Magician’s Apprentice Chapter XVII

The story so far: Tollon is on the run from the Earl of Haulloran’s men. His slave Mia has stashed him in an attic refuge, which raises many more questions than it answers. Now read on . . .

I’m not usually one to worry about things I don’t understand or can’t do anything about. Sarton’s started criticizing me for this, but it’s a good way to go through life.

Still, right at this moment, I can’t help but worry. Why did the Earl of Haulloran send men to pick me up? I don’t think it was because of Paviara; Paviara’s friends already got their revenge on me. Who is the man Mia knows, and why is he willing to hide me? And how does Mia know him anyhow?

There are windows along the room’s northern exposure. I don’t recognize the neighborhood. The library is stocked with a fair mix of books, nothing unusual. The furnishings look better than the neighborhood, which could mean any number of things.

Still, I’m sure of one thing. And when the man comes up with some beer and salt pork, I thank him and then say, “You’re part of a secret society.”

It’s not just because their membership is secret that people are suspicious; some secret societies have mystical or political agendas.

He does not look ruffled by my statement. “We prefer to call it a private mutual aid association.” After a pause, he adds, “The other sounds so suspicious.”

We’re sitting at a small table. I give him a look over. Maybe he’s fifty, spectacles, balding, dark of skin, amber eyes. His clothes are work clothes, but not laboring clothes. My guess is that he’s a craftsman of some sort.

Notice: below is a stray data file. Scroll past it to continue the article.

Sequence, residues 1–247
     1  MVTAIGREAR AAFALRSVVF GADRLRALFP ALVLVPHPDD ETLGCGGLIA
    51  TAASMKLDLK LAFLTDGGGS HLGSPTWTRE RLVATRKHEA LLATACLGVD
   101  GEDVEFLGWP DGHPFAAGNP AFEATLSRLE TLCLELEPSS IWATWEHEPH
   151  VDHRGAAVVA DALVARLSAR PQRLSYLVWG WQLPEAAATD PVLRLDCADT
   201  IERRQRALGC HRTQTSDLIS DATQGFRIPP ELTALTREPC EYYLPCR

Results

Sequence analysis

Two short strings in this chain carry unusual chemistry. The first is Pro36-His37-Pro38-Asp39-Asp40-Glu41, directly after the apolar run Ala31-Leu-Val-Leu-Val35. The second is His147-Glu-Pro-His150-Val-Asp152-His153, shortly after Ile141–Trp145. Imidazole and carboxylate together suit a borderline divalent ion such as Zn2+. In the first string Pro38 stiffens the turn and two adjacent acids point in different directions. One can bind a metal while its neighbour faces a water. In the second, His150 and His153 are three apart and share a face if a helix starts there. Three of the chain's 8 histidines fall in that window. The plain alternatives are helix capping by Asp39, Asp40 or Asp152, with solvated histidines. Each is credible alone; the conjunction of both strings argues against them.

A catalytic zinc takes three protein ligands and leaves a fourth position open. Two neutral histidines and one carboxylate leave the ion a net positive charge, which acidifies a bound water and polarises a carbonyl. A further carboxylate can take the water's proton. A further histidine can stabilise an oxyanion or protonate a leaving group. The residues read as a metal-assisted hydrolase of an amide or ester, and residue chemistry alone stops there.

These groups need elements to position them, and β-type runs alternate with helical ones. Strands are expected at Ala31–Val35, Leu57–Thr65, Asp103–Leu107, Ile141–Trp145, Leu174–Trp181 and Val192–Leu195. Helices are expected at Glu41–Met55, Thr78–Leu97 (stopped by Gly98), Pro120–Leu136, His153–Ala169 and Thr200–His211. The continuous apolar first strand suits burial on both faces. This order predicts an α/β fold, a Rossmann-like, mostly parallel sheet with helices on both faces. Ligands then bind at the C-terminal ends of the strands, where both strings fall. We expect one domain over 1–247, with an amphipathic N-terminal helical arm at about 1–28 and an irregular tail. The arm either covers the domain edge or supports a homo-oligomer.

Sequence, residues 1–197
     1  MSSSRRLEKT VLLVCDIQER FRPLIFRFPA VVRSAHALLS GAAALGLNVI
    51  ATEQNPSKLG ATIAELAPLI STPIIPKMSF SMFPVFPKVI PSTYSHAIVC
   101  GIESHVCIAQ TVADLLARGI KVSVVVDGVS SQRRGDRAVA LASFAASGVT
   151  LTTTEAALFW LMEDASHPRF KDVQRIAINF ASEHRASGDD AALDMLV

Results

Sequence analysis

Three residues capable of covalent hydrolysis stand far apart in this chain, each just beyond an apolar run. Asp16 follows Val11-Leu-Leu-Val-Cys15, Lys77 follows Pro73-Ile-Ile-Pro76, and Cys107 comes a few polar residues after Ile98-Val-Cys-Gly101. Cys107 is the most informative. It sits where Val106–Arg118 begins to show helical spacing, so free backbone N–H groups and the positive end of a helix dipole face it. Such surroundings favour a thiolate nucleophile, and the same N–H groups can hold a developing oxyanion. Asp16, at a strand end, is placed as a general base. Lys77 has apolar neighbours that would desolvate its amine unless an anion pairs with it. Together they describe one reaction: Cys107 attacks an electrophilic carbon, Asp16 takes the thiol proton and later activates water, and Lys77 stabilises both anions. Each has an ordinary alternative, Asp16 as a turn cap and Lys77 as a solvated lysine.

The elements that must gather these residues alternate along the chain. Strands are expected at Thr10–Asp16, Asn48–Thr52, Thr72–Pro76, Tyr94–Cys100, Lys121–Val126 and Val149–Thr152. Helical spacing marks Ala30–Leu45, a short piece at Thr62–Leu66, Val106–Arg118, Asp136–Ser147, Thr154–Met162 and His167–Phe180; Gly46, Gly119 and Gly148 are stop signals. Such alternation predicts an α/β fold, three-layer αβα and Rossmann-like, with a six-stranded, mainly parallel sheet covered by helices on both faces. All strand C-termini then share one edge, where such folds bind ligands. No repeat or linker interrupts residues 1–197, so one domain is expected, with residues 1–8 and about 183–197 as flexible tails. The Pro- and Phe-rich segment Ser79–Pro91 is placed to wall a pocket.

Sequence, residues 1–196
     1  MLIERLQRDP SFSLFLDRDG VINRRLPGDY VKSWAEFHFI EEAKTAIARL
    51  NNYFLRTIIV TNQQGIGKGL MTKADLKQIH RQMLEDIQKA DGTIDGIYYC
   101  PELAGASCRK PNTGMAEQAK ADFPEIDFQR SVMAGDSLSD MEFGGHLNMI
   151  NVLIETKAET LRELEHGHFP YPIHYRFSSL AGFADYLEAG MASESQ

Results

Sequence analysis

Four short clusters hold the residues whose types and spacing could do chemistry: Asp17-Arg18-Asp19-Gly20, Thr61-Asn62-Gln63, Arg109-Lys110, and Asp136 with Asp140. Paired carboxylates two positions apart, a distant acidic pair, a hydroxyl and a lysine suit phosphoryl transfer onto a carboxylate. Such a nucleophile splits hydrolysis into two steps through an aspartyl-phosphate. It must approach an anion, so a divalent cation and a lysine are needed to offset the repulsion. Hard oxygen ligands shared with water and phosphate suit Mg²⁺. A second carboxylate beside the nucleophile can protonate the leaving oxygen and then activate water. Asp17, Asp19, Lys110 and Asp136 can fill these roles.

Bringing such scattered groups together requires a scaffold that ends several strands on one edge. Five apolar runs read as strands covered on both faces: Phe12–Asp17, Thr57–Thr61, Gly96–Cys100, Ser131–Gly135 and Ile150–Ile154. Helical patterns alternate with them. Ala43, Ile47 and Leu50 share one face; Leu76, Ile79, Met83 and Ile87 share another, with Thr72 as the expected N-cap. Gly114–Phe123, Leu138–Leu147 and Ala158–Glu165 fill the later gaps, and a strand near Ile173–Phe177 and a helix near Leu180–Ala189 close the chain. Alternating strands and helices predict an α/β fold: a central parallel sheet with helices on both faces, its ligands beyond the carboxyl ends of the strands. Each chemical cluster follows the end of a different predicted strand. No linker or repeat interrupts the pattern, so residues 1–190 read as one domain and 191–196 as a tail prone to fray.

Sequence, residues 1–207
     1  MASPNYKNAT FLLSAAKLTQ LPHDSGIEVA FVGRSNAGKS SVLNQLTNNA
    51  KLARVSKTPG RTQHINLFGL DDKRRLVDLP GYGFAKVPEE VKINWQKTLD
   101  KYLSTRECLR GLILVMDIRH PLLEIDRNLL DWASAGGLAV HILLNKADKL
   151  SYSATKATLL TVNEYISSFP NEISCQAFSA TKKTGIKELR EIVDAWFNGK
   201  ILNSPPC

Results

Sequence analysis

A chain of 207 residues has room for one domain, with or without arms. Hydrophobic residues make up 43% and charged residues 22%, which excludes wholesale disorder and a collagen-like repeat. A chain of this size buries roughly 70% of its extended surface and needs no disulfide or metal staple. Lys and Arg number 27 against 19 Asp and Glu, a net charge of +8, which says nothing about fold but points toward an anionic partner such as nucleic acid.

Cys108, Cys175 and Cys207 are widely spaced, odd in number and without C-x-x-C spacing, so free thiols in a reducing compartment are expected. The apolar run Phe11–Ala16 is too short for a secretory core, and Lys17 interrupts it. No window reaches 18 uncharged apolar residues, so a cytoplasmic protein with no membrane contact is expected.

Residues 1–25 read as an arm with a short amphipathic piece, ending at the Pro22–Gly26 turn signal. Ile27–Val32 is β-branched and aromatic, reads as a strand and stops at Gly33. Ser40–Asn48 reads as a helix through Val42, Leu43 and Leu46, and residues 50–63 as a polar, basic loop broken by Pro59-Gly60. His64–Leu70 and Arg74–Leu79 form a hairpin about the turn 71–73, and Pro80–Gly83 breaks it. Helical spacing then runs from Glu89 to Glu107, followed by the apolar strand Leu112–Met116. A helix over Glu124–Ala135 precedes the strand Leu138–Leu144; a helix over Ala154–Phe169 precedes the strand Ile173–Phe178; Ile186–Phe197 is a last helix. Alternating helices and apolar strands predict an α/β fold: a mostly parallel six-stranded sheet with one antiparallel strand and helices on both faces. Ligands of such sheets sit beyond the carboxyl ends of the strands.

He notices what I am doing. With a grunt, he says, “And I’m checking you out, young sir, too. I presume your charming escort told you not to ask me any questions.”

I admit it. “Which, of course, means I want to ask a great many.”

“Naturally.” He’s not the smiling type. That was meant as an observation, not humor. “Our association lends help as required by its members. Because you are not a member, your companion is responsible for our costs in protecting you, up to paying my family compensation for my death and the forfeiture of my property for abetting a criminal, if that is what you are. I hope you feel a similar obligation to us, as the beneficiary of our protection, but that is ultimately between you and her.”

We finish the rest of the meal with little to say to each other, and then he departs after asking me what I will want for breakfast in the morning. I light a candle and sit down to read a book.

I get nowhere. I’m can’t help mulling over my situation. I’m being hidden by a secret society! Mia, who is a slave, is a member, which raises all sorts of question.

And thinking of Mia, I recall something I noticed back in the Great Market when Mia took on Haulloran’s men. Even most guards and soldiers, let alone servants, are really only casual fighters. But there are systems of fighting, schools that train people in styles of fighting for various purposes. I’ve seen people who were trained in various styles, enough to recognize them when I see them.

Mia is a trained fighter. To be exact, she is a trained assassin. There’s no mistaking the style. That’s how she was able to defeat four men who were all twice her size. At least two of them are almost certainly dead.

Sarton joked that I was afraid of Mia. It was a joke then. It is not now.

(To be continued . . .)


About Brian Bixby

I enjoy history because it helps me understand people. I'm writing fiction for much the same reason.
This entry was posted in Magician's Apprentice, Writing fiction and tagged , , , , . Bookmark the permalink.

7 Responses to Magician’s Apprentice Chapter XVII

  1. For some reason, I always think the assassin’s training is in Eastern Martial arts. Due to our film industry maybe. Does the West not have such traditions?

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